Harry Potter Meets Disney Villains
Have you ever wondered what might happen if you took the world of Harry Potter, Disney villains, and anime, and threw them all together? The result might look a lot like Disney Twisted-Wonderland, a mobile game by Aniplex. Its setting is Night Raven College, a school for those with magical abilities where the houses and dorms are based on Disney villains. It reminds me a bit of Fire Emblem, a game in which you pick specific students (which equate to cards, in Twisted Wonderland) to develop for battles. The game is strongly centered around narrative, and some of the scenes (vignettes) don't really have chances for you to interact or do much of anything, though they're still enjoyable to read. More on that later.
Each chapter of the game is robust, with plenty of dialogue, battle scenes, and sequences where you interact with the screen to a beat (Twistunes). You get various rewards for completing scenes, including currency you can use to purchase new card sets, upgrade cards you have, and more. Best of all, paying to play is not required. Your stamina for taking lessons is restored generously and quickly, maybe a little too quickly, because I've been on this game for hours on my days off from work. This makes it a little hard to get things done around the house, but I love a game that's charming, fun, and that I can get lost in, especially when there is no shortage of bad news and disturbing things going on in the world.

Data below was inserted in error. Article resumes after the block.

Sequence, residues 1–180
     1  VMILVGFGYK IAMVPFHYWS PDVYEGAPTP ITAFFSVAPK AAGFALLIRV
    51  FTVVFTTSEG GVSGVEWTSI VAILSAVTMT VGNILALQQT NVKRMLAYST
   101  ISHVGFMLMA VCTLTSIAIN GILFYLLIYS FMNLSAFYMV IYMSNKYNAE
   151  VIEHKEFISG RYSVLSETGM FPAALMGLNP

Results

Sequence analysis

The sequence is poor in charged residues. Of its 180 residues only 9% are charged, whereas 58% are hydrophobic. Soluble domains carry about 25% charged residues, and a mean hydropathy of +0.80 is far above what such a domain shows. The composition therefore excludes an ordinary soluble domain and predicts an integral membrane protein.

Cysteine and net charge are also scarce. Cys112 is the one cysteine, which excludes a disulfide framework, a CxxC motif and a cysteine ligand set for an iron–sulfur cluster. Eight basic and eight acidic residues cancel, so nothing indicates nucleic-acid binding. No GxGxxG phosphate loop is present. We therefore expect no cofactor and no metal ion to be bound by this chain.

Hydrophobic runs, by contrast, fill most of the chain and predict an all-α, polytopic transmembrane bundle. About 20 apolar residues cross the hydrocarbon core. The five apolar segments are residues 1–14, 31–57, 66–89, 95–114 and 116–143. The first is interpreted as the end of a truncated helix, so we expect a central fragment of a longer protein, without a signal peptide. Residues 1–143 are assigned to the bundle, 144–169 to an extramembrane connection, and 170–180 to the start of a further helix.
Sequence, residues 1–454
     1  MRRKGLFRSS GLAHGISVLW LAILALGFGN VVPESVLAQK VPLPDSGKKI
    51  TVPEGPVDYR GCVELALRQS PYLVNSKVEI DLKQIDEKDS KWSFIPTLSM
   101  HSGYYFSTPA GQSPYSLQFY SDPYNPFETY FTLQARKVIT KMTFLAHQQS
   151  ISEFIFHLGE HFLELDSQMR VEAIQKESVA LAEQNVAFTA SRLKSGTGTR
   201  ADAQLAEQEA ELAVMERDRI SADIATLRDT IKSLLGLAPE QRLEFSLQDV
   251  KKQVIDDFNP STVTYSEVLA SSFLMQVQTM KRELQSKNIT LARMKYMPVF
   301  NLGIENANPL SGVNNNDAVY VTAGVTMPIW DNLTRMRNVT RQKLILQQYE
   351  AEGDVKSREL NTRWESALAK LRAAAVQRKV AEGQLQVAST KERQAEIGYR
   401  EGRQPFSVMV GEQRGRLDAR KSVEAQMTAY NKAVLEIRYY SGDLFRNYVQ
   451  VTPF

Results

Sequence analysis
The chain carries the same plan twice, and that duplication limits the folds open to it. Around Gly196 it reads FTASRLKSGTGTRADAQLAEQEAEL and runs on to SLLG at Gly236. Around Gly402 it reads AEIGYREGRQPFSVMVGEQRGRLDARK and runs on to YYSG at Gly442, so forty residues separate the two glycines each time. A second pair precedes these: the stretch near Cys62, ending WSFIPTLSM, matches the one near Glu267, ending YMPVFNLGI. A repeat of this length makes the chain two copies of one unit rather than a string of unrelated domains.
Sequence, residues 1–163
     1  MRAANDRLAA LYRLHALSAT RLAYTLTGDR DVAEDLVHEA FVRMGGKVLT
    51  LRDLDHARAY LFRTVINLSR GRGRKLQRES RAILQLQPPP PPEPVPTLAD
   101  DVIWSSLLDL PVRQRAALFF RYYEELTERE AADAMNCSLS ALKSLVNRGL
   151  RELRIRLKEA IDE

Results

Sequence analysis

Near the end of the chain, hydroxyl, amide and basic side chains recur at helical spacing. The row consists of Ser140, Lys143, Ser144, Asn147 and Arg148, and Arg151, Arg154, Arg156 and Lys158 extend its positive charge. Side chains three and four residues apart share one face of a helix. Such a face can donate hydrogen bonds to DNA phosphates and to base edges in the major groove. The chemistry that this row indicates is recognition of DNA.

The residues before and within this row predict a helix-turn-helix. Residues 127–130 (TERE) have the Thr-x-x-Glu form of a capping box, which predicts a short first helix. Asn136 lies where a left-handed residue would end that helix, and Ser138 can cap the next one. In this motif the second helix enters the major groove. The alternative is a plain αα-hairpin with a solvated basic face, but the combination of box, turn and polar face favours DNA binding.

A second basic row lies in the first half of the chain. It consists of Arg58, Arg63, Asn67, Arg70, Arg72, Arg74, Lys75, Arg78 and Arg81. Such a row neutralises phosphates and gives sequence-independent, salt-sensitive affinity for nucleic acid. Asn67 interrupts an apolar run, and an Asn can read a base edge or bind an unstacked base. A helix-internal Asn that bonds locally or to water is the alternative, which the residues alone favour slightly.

Let's review a few of the most charming and fun specifics about the game!
The graphics and character designs for Twisted Wonderland are highly attractive. Even the fonts are impeccable. Similar to Fire Emblem, the characters are drawn anime-style with stunning detail and colors for each house. Many of the story scenes just feature the character image, not actions, that corresponds with the dialogue, but that is about what I would expect for a game that is largely free to play. There is still enough detail that makes this extra fun to play on the iPad, although you probably wouldn't miss too much if you played on a smaller screen.
The game is quick to load over a Wi-Fi connection, which is another plus. You'll need it to be fast with how quickly your stamina (LP) regenerates! You'll need stamina to take classes, which help you level up your characters in several different ways. The choice of how and who to upgrade is up to you, so choose wisely. Personally, I like the daily classes that give alchemy tokens and notepads to improve spells. Character card levels are important for raising hit points and power, but I like to strengthen their spell-casting for battles too. You can also upgrade characters' vignette levels, which makes mini-chapters about specific characters available. Vignettes are read-only; there is really nothing for you to do in them, but you do get gems for going through them.